5 Key Differences Between Accident vs Incident Reporting

workers determining whether an event was an accident vs incident

The differences between an accident vs incident are subtle but crucial to grasp if you want to generate accurate reports, remain compliant, and foster a strong safety culture. Most regulatory bodies around the globe define accidents and incidents in their own way but all have similar undertones. When OSHA defines accident vs incident, they define them as follows:

“An accident is an unforeseen and unplanned event or circumstance. An incident is something that occurs during work where no personal injury or illness is caused”.

Accidents tend to be characterized by unexpected, undesirable events resulting in harm. Incidents include a broader spectrum, ranging from accidents to near misses and unsafe conditions.

Think of it this way: An accident is a type of incident. But not all incidents are accidents. And getting it right in your reports is critical and this article will help you learn the difference.

Accident vs Incident: Know the Difference

The difference between an accident vs incident can be broken down into 5 key areas:

1. Type of Event

The first thing you must evaluate is the outcome of the event. In occupational safety, accidents are often serious AND preventable.

On the other hand, an incident, in the context of safety, is always unwanted and unplanned.

Can an incident be a precursor to an accident? Some industry experts classify an incident precursor as a “near-miss”. It’s a minor incident that could have been an accident had one or two additional safeguards failed. And when it comes to incidents that cause injury, what makes an injury or illness “serious” enough to be classified as an accident?

2. Reporting Requirements: Accident vs Incident

Occupational Health and Safety regulatory bodies around the globe require companies to report accidents and incidents. But some businesses may have different opinions when it comes to defining what makes an injury serious. In the U.S., to keep things simple and consistent, many companies use the OSHA reporting policies as their guide. An incident with a serious safety and health outcome must be reported within 24 hours, which triggers a site visit and investigation.

Reportable incidents include:

  • Death
  • In-patient hospitalization
  • Amputation
  • Loss of an eye

In addition, OSHA requires some outcomes to be recorded in a log. This can be reviewed during an investigation or audit.

Recordable incidents include:

  • Any reportable incident, plus injuries or illnesses that require;
  • Missed days at work, restricted work, or transfer to a different job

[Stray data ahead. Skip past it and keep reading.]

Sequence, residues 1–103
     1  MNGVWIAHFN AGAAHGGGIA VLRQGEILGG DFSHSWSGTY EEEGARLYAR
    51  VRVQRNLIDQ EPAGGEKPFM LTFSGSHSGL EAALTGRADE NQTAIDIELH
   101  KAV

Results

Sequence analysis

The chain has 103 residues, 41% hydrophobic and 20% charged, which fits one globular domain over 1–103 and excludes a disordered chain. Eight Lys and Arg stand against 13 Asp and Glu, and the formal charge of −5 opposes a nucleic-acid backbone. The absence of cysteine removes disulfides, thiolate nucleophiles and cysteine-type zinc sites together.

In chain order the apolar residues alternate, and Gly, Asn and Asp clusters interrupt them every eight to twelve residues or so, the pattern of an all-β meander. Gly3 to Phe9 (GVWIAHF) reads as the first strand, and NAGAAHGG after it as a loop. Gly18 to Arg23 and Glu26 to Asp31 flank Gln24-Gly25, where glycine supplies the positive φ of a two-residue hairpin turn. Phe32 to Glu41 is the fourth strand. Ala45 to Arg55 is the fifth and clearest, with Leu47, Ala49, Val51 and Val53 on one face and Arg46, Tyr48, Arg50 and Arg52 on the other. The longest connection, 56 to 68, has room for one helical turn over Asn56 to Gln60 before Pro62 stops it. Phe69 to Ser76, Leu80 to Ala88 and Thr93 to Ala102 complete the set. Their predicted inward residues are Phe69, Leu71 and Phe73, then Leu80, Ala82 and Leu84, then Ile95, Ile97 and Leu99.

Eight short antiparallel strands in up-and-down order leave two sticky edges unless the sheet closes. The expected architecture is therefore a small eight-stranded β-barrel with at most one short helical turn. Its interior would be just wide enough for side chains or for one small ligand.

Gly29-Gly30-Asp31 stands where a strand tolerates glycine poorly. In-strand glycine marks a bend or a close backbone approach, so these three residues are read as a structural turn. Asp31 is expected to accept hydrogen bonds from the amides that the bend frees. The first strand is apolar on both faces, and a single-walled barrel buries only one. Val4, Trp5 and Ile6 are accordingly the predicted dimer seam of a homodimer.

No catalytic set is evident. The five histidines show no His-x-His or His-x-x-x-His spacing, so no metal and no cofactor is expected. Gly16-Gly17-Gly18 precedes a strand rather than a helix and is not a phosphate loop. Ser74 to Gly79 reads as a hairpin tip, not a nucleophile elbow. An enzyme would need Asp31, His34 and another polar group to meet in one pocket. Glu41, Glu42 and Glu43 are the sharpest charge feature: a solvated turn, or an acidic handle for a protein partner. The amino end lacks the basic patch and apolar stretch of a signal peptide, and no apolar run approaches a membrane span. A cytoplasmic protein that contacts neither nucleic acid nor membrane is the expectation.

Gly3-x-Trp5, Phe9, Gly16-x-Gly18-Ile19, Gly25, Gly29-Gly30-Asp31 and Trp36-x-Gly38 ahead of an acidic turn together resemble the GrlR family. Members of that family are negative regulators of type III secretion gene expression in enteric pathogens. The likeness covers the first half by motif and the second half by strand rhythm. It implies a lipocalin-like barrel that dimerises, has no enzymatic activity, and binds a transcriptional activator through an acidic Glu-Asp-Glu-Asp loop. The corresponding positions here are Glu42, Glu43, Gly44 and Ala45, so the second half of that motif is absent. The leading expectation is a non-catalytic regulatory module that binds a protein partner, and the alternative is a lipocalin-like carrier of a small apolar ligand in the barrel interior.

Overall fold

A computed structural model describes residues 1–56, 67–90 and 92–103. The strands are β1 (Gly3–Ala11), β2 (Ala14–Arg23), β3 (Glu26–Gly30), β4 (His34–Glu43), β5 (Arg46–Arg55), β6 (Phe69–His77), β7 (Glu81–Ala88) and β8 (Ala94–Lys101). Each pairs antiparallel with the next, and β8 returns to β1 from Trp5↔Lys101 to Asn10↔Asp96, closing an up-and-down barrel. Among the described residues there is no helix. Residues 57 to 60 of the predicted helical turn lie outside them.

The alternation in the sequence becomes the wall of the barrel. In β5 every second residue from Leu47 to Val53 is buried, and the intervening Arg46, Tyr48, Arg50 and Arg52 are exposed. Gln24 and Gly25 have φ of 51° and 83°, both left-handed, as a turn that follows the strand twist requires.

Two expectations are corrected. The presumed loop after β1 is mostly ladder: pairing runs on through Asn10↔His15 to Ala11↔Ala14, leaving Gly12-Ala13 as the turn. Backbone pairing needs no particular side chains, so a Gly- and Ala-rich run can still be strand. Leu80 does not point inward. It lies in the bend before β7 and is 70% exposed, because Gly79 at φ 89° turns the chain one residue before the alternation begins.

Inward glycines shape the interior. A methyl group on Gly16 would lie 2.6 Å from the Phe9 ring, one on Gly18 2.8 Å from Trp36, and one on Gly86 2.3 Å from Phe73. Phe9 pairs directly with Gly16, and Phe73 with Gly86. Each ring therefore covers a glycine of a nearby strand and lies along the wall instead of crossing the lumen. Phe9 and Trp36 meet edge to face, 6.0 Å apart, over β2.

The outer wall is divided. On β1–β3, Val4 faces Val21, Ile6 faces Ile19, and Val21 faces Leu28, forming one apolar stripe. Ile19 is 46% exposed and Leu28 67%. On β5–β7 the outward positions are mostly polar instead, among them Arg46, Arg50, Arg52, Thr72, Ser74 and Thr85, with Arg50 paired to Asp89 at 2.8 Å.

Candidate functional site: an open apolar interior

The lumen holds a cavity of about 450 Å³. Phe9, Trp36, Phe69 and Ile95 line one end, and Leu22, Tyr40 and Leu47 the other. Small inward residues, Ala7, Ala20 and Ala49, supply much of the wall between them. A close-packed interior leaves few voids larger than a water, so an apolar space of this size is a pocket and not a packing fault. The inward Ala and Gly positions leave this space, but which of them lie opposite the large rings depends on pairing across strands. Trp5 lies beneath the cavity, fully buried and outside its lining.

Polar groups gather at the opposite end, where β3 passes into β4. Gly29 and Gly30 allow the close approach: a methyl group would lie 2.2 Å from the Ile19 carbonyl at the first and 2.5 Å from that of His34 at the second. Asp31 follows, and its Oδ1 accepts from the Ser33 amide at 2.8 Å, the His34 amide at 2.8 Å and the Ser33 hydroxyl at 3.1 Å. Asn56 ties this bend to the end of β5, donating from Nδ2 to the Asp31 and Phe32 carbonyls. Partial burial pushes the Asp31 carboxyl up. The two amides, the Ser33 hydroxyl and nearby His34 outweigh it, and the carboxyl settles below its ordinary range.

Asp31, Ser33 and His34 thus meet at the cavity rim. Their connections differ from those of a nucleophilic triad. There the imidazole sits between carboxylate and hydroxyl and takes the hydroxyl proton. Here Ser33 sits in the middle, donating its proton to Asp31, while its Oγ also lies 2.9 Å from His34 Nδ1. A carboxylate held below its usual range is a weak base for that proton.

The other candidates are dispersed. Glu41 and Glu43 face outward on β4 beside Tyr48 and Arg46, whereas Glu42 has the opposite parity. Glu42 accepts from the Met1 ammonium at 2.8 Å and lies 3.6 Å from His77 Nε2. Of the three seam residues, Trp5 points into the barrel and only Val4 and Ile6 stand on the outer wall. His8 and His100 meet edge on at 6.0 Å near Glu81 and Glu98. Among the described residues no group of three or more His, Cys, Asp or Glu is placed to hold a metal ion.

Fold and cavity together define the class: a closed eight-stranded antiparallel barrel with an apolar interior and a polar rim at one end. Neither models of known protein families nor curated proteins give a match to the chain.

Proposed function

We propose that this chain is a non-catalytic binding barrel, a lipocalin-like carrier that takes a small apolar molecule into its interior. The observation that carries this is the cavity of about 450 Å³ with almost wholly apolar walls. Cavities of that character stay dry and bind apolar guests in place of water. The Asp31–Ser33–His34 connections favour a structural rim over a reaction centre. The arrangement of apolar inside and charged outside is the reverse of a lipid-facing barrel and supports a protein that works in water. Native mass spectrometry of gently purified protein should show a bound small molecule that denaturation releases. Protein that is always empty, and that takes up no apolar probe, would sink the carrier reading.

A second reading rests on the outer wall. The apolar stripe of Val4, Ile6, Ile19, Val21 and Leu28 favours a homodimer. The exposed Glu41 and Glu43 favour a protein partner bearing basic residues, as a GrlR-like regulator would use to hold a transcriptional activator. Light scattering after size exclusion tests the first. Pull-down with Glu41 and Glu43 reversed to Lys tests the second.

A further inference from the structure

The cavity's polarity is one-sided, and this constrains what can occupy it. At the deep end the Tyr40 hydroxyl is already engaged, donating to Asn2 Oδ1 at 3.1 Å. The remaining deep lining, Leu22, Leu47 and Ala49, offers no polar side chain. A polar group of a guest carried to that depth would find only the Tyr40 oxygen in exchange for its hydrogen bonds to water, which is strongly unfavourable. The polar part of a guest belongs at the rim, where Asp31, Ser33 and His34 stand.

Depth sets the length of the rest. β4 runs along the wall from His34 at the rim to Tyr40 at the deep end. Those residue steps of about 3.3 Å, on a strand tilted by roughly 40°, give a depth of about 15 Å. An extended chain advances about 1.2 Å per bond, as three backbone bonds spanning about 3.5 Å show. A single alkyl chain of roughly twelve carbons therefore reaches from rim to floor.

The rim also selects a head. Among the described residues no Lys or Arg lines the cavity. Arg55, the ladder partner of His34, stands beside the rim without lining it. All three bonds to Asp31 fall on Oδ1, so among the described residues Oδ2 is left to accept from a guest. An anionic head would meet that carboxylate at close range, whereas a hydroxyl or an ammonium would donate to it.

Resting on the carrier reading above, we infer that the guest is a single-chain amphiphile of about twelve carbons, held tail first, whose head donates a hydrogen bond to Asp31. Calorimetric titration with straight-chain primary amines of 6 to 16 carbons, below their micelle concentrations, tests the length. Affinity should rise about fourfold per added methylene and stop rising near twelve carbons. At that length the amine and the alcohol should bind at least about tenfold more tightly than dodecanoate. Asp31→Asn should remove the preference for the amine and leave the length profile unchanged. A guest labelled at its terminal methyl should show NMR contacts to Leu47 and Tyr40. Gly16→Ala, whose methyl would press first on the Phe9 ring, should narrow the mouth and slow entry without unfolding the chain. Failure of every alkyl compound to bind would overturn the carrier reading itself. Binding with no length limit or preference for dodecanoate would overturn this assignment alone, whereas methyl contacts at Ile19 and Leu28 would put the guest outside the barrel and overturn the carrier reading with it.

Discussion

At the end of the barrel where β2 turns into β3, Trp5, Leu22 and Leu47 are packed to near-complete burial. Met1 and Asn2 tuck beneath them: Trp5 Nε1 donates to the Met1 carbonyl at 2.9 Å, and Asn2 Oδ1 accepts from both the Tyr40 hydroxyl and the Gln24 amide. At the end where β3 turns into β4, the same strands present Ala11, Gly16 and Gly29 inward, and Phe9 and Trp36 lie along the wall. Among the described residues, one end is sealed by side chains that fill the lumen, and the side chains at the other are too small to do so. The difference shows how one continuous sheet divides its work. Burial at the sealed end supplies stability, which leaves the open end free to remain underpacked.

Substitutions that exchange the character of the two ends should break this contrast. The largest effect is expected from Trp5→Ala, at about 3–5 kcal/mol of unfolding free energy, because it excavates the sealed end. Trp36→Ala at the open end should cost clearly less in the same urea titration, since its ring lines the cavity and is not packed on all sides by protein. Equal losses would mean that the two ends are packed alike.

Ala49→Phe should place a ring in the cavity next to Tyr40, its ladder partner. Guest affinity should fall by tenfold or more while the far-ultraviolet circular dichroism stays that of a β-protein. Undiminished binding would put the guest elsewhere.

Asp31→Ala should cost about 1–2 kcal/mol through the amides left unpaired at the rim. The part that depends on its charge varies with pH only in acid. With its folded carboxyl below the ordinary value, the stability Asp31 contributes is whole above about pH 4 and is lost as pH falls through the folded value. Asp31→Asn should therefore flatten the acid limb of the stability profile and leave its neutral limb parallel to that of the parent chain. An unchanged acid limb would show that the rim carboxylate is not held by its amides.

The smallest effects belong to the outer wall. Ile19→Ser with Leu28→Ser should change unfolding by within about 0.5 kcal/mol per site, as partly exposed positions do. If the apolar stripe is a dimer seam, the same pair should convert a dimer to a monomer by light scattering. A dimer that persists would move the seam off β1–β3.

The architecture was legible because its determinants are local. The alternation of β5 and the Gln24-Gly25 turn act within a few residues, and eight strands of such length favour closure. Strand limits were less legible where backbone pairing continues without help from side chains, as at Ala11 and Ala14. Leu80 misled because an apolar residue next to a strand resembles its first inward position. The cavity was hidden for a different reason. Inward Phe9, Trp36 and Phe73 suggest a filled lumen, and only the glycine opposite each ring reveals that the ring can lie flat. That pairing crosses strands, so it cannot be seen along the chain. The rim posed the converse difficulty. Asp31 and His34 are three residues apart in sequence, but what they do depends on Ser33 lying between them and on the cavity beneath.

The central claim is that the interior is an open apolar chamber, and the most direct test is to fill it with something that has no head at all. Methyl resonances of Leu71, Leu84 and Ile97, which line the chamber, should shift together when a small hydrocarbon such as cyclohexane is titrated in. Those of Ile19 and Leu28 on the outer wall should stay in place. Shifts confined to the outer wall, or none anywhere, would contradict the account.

• Medical treatment beyond first-aid
  • Loss of consciousness
  • Another diagnosis of significant injury or illness by a health care professional

3. Preventability and Foreseeability

Foreseeability refers to the predictability of an accident.  The job of the safety team, perhaps the EHS Manager or Safety Officer, is to foresee a potential accident and put steps in place to prevent it. Since accidents are deemed preventable and foreseeable, they should technically never happen. But they do. The key is being as proactive as possible by identifying safety hazards and potential risks, and having strong communication practices in place to ensure workers are aware. However, to be proactive you need data.

Regularly analyzing incident reports gives companies the ability to have a >

4. Seriousness of Consequences

Everyone can agree on at least one thing when it comes to comparing an accident vs incident: They both cost companies money. Injuries can result in medical expenses, loss of production, and time, and run the risk of project delays. Even incidents that do not cause injuries, such as a near-miss, can cause psychological harm to workers. They may feel unsafe or that the company is not putting the proper steps in place to prevent an accident. Psychological consequences may include high employee turnover and missed days.

Reputational damage is a real factor to consider when it comes to the fallout of a major incident. Even if a contractor or subcontractor is responsible for the incident, the hiring company still faces reputational damage. This tends to be more common for incidents that result in a fatality or an environmental crisis. Accidents tend to draw significant attention, while incidents may not receive the same level of immediate attention.

5. Causation Complexity

Accidents often involve a more straightforward cause-and-effect relationship, where a specific action or event directly leads to harm or damage. On the other hand, incidents may entail a more intricate web of causation, involving several factors.

Think of it like a puzzle. An accident might be like fitting a handful of pieces together, while incidents are like dealing with 500 pieces to put together, without a picture to follow. So when we consider causation complexity, we acknowledge that incidents are often the result of several factors, each playing a role in the root cause.

Tracking Accidents and Incidents Provides Opportunities for Improved Safety

By analyzing incident reports, companies can identify areas or processes that pose a risk to worker safety and take proactive measures to mitigate those risks. Reports also provide valuable insights and data that can be leveraged by safety teams to develop programs and training to improve workplace safety for all.

Furthermore, comprehensive reporting fosters a culture of transparency and continuous learning, while encouraging employees to report safety concerns and near-miss events.

Veriforce can provide the expertise to help you with incident reporting and help you turn a challenging event into a learning opportunity for your organization.

Contact us today to learn more.

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